May 27, 2004
Genetic Variation Increases Alcohol Abuse In Mice

A partial knock-out of a gene increased anxiety and alcohol consumption in a strain of mice.

Alcoholism tends to run in families, suggesting that addiction, at least in part, has an underlying genetic cause. Now, researchers at the University of Illinois at Chicago have discovered a gene linked to alcohol dependency.

Laboratory mice deficient in the gene were found to consume excessive amounts of alcohol, preferring ethanol to water and evincing highly anxious behavior in a maze test.

Results of the study are published in the May 26 issue of the Journal of Neuroscience.

The gene the researchers investigated manufactures a protein called CREB, or cyclic AMP responsive element binding protein, which is known to regulate brain function during development and learning.

"This is the first direct evidence that a deficiency in the CREB gene is associated with anxiety and alcohol-drinking behaviors," said Subhash Pandey, associate professor of psychiatry and director of neuroscience alcoholism research at the UIC College of Medicine.

When CREB is activated, it regulates the production of a brain protein called neuropeptide Y. Low levels of active CREB or of neuropeptide Y correlate with symptoms of anxiety and excessive alcohol consumption, the scientists showed in a previous study.

In the present study, mice that had only one copy of the CREB gene -- healthy mice have two copies -- produced lower-than-normal levels of the CREB protein, neuropeptide Y and another compound in the brain linked with alcohol drinking (called brain derived neurotrophic factor).

The mice consumed about 50 percent more alcohol than normal littermates and showed higher baseline anxiety-like behaviors, as measured by a maze test.

Alcohol exposure reduced their anxiety, though less so than in normal mice, and increased levels of active CREB protein and neuropeptide Y in parts of the amygdala, the area of the brain associated with emotion, fear and anxiety.

Pandey speculated that the animals' preference for alcohol suggested they used ethanol to lessen their anxiety, a situation than is not uncommon in humans.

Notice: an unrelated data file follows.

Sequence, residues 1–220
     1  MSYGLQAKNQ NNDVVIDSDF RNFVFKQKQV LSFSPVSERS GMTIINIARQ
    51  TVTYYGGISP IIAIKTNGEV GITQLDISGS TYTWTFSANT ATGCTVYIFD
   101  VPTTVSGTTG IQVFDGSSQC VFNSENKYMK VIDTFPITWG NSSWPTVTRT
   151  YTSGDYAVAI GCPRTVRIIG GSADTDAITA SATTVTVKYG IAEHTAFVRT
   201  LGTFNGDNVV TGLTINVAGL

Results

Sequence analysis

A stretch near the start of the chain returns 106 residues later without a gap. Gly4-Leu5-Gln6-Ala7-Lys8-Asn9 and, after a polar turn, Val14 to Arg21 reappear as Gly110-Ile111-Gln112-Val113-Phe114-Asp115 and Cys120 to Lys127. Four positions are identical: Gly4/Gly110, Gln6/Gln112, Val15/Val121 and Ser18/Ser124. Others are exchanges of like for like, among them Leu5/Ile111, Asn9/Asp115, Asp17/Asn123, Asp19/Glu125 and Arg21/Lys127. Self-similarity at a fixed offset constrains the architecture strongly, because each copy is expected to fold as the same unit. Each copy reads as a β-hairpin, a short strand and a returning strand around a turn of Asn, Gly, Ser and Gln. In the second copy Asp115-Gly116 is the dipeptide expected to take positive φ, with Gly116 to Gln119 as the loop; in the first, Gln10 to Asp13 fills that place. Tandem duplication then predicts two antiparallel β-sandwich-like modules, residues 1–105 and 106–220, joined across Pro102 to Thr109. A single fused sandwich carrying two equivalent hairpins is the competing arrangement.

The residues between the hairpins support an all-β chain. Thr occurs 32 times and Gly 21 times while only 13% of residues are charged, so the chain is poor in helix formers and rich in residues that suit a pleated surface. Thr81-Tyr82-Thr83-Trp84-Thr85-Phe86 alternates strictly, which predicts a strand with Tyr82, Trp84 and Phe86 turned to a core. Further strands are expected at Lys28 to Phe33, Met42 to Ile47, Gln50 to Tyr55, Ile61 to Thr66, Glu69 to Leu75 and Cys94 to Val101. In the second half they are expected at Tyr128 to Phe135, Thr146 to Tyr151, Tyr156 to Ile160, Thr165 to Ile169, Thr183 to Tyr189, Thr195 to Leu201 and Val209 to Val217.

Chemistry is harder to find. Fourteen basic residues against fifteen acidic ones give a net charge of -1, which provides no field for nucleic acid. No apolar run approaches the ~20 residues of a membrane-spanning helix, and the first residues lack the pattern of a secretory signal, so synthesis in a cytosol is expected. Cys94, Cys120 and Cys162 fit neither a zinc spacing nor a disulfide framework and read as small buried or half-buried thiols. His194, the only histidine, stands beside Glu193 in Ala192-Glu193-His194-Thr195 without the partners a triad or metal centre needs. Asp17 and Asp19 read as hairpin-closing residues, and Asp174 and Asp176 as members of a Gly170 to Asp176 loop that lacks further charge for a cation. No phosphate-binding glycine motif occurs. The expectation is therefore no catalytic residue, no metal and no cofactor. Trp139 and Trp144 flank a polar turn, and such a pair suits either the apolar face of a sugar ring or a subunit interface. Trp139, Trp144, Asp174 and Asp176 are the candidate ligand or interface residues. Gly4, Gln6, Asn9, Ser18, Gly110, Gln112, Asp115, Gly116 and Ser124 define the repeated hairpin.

"Some 30 to 70 percent of alcoholics are reported to suffer from anxiety and depression. Drinking is a way for these individuals to self-medicate," Pandey said.

According to the National Institute on Alcohol Abuse and Alcoholism, an estimated 14 million Americans suffer from alcohol problems. Alcohol abuse costs the economy roughly $185 billion per year.

Other researchers involved in the study were Adip Roy, Huaibo Zhang and Tiejun Xu, postdoctoral research associates in the UIC department of psychiatry. The National Institute on Alcohol Abuse and Alcoholism and the U.S. Department of Veterans Affairs provided support.

The point the article makes about the cost of alcoholism is important. Suppose in the next 10 to 20 years truly effective treatments are developed for alcoholism and drug addiction. Literally hundreds of billions of dollars will be saved per year in everything from increased production at work, fewer car accidents, less crime, families that do not fall apart and yet other changes. The future economic value from research on addiction will pay for the cost of the research many times over.

A lot of alcohol and other drug abuse amounts to self medication for anxiety, depression, and other emotional problems. Therefore ideal treatments for alcohol and drug abuse would need to reduce the feelings that encourage abuse. Though not all drug and alcohol abuse is a result of pre-existing emotional problems. Brain exposure to drugs at key stages of brain development increases cravings for drugs. Therefore the drugs themselves create the structural changes in the brain that cause addiction and it is too simplistic to see all drug abuse as only the product of self-medication against previously existing emotional problems.

Share |      Randall Parker, 2004 May 27 01:44 PM  Brain Addiction

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